The Tour's oil-stained, unheralded spanner men

A look at the men who keep the bikes rolling

GHENT, Belgium, July 9, 2007 (AFP) - They might not have the same slick clothes, top salaries, fast cars or attract the same amount of female attention as the cyclists riding the Tour de France.

But a closer look at the men who spend hours slogging over the peloton's bikes - average price 5000 euros apiece - shows that they are really among the unsung heroes of the sport.

Mechanics, like soigneurs (physios), team managers and osteopaths, have a huge role to play in any cycling team. That is especially true afer a multiple-rider high-speed crash like the one seen today on Stage 2 of the Tour as the peloton tore through Ghent. But while they are crucial to their teams, it's far from being a glamourous job.

"It's a great job - if you love cycling," the Milram team's head mechanic, Geert Rombauts, told AFP.

"We get to travel around the world but we're also away from our families quite a lot. It's not easy. Of course, the wife often complains."

On the road, there's no rest for the mechanics - especially when the team has endured a tough day of racing.

"When we had crashes, like we did yesterday, we got back to the hotel and didn't even have time to eat," Predictor-Lotto mechanic Steven Van Olmer told AFP prior to Tuesday's second stage.

"We had a nibble, but nothing substantial. We had to spend most of the night washing the bikes, checking them for damage and making any repairs.

"We had a good look over Robbie McEwen's bike after his crash yesterday (Sunday), but all we had to do was change his handlebar tape."

A late night does not rule out an early start the next day, when it is essential to check the weather forecast.

Rain was on the menu Tuesday as the peloton left Dunkirk for Ghent in Belgium, and more rain is due this week when the peloton ride back into France before gradually making their way to the Alps.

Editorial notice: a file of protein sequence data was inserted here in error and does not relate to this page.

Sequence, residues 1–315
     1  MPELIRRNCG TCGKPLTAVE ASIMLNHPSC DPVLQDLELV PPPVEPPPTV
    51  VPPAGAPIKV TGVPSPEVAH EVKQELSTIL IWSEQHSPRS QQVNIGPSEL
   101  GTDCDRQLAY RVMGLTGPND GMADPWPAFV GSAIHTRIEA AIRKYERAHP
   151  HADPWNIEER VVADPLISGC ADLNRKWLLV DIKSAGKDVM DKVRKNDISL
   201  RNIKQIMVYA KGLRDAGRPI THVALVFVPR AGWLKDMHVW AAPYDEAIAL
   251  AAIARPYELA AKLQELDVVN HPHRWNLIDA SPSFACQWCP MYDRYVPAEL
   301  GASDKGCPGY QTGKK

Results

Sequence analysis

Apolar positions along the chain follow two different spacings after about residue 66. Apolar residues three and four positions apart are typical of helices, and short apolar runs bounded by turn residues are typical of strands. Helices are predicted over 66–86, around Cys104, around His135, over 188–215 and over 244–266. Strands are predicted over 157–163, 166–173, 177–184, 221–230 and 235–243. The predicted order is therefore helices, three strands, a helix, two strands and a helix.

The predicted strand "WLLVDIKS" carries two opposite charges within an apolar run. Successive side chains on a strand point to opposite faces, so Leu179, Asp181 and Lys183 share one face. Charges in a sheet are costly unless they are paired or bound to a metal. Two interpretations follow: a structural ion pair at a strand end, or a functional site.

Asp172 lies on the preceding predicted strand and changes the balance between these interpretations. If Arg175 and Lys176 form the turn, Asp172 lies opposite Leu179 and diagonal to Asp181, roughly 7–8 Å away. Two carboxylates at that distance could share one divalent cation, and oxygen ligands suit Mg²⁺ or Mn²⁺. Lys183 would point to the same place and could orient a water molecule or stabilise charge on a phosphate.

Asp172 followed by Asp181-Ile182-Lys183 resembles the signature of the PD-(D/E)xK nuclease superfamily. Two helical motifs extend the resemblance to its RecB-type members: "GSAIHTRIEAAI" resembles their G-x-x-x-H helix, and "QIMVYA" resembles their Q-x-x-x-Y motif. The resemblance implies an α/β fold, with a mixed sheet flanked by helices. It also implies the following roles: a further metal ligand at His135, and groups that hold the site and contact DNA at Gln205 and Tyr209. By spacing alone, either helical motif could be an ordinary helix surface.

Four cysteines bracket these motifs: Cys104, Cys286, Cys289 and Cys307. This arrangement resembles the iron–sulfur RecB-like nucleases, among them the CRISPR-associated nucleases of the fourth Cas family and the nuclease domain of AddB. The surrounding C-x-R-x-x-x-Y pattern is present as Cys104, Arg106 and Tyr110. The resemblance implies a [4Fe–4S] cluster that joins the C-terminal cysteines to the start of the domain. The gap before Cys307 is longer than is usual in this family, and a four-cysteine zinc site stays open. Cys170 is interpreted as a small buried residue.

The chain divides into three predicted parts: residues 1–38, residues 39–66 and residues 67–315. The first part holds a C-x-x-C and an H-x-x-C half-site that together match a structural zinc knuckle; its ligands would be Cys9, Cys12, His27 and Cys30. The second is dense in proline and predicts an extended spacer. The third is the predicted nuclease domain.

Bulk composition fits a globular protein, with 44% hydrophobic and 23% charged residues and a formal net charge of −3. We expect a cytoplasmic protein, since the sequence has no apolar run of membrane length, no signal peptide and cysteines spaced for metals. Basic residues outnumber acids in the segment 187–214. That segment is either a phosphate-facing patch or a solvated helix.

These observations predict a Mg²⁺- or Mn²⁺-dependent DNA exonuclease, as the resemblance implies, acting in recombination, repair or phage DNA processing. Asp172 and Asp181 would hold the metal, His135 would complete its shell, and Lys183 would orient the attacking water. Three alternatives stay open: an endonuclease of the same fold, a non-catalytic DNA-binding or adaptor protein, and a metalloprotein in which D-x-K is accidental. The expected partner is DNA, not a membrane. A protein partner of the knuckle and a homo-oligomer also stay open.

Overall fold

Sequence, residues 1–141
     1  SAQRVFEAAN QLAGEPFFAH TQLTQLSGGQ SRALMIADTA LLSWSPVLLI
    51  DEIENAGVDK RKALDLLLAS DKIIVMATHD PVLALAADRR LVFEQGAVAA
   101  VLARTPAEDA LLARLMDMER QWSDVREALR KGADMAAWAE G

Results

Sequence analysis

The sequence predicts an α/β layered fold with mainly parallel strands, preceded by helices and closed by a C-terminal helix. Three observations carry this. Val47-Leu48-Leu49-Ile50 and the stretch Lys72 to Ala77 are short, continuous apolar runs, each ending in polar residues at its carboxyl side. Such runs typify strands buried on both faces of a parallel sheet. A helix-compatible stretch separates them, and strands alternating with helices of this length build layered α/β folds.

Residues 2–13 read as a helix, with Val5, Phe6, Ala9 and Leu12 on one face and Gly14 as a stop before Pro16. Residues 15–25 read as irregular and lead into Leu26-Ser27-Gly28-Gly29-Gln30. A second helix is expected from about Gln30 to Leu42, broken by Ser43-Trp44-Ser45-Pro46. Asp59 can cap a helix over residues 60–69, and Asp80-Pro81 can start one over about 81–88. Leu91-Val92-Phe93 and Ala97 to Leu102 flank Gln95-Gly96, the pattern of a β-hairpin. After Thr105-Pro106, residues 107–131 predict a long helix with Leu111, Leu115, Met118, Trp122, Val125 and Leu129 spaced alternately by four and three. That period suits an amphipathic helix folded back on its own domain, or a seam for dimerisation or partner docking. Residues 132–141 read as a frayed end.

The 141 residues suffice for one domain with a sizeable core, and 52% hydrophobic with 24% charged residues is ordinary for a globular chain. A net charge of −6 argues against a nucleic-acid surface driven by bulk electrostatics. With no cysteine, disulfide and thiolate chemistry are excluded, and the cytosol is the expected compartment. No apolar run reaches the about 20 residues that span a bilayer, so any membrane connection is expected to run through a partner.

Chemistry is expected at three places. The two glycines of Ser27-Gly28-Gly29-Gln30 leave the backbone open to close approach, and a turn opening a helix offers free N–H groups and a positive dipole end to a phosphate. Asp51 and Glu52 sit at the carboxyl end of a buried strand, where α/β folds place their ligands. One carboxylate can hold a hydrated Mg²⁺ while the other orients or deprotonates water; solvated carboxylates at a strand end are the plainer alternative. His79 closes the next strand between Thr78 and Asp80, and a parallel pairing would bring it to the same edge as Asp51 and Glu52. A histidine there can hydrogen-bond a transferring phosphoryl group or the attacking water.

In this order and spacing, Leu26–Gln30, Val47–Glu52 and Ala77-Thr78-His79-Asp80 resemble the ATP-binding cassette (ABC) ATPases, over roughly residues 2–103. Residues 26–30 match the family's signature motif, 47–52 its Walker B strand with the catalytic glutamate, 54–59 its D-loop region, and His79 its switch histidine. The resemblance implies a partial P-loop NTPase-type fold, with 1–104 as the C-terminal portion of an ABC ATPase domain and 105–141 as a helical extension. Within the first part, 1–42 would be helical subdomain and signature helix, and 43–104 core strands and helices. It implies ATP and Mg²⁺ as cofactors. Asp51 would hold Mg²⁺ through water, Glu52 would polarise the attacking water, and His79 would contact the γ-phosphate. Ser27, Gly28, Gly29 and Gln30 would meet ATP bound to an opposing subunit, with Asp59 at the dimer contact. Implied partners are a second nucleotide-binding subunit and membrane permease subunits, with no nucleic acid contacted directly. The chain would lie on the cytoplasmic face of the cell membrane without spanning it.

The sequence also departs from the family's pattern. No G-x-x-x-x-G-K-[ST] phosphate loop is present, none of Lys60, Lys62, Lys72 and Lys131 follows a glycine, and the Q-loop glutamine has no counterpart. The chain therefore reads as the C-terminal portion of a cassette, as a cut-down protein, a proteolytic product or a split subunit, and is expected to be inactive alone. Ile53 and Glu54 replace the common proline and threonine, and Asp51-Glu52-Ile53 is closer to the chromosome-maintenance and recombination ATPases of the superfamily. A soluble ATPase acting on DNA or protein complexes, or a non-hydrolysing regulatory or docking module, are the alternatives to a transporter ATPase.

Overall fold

That means adding a special grease to the chains, oiling all the moving parts and making sure that all of the tubular tyres used - Milram has about 70 for their nine-man team for the Tour - are free of debris.

But when the rain pours down, there's little the mechanics can do.

Unlike motorcycling, where wet or dry weather tyres can mean the difference between triumph and disaster, cycling's mechanics stick to a trusted formula.

"We don't really use classic tyres any more, it's tubulars which are glued on," added Rombauts, who like many in his field of work is an ex-amateur rider.

"When it comes to wet weather, all we really do is let a little bit of pressure out.

"Usually the tyres are (pumped up to) nine bar, but when we know it's going to be wet we take them down to eight and a half."

Arnaud Desoeuvre, who works for the Francaise des Jeux team, added:

"Nowadays it's more or less all-weather tyres we use. When it rains, there's not much you can do. The riders are always going to be scared about crashing anyway.

"Some of them will maybe race a little slower, especially when they're going over the white bands in the road, which are really quite dangerous.

"The bottom line is, they're going to have to take risks if they want to win."

In the event of disaster during the race, the mechanics are always ready to jump out the team cars to change wheels whose tyres have been punctured.

On very rare occasions, they have to change a bike too.

"It's not often we change bikes because the frame is broken," added Rombauts, who tends to the bike of top German sprinter Erik Zabel.

"But it does happen. Every rider has a spare bike anyway. Well, except for Zabel. He has three."

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